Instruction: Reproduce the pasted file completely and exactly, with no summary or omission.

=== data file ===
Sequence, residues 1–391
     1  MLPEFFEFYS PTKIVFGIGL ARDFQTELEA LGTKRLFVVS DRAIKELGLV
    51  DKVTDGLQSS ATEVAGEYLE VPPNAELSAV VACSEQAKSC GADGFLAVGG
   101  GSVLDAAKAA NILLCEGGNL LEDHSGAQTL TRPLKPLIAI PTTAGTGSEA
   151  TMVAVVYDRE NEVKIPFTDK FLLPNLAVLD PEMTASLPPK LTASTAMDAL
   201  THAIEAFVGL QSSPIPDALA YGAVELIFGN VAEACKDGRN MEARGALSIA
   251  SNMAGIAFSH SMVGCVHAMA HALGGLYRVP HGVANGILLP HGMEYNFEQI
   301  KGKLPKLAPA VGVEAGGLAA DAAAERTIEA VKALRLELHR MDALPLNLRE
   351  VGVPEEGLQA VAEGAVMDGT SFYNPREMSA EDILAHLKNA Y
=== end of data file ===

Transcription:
Sequence, residues 1–391
     1  MLPEFFEFYS PTKIVFGIGL ARDFQTELEA LGTKRLFVVS DRAIKELGLV
    51  DKVTDGLQSS ATEVAGEYLE VPPNAELSAV VACSEQAKSC GADGFLAVGG
   101  GSVLDAAKAA NILLCEGGNL LEDHSGAQTL TRPLKPLIAI PTTAGTGSEA
   151  TMVAVVYDRE NEVKIPFTDK FLLPNLAVLD PEMTASLPPK LTASTAMDAL
   201  THAIEAFVGL QSSPIPDALA YGAVELIFGN VAEACKDGRN MEARGALSIA
   251  SNMAGIAFSH SMVGCVHAMA HALGGLYRVP HGVANGILLP HGMEYNFEQI
   301  KGKLPKLAPA VGVEAGGLAA DAAAERTIEA VKALRLELHR MDALPLNLRE
   351  VGVPEEGLQA VAEGAVMDGT SFYNPREMSA EDILAHLKNA Y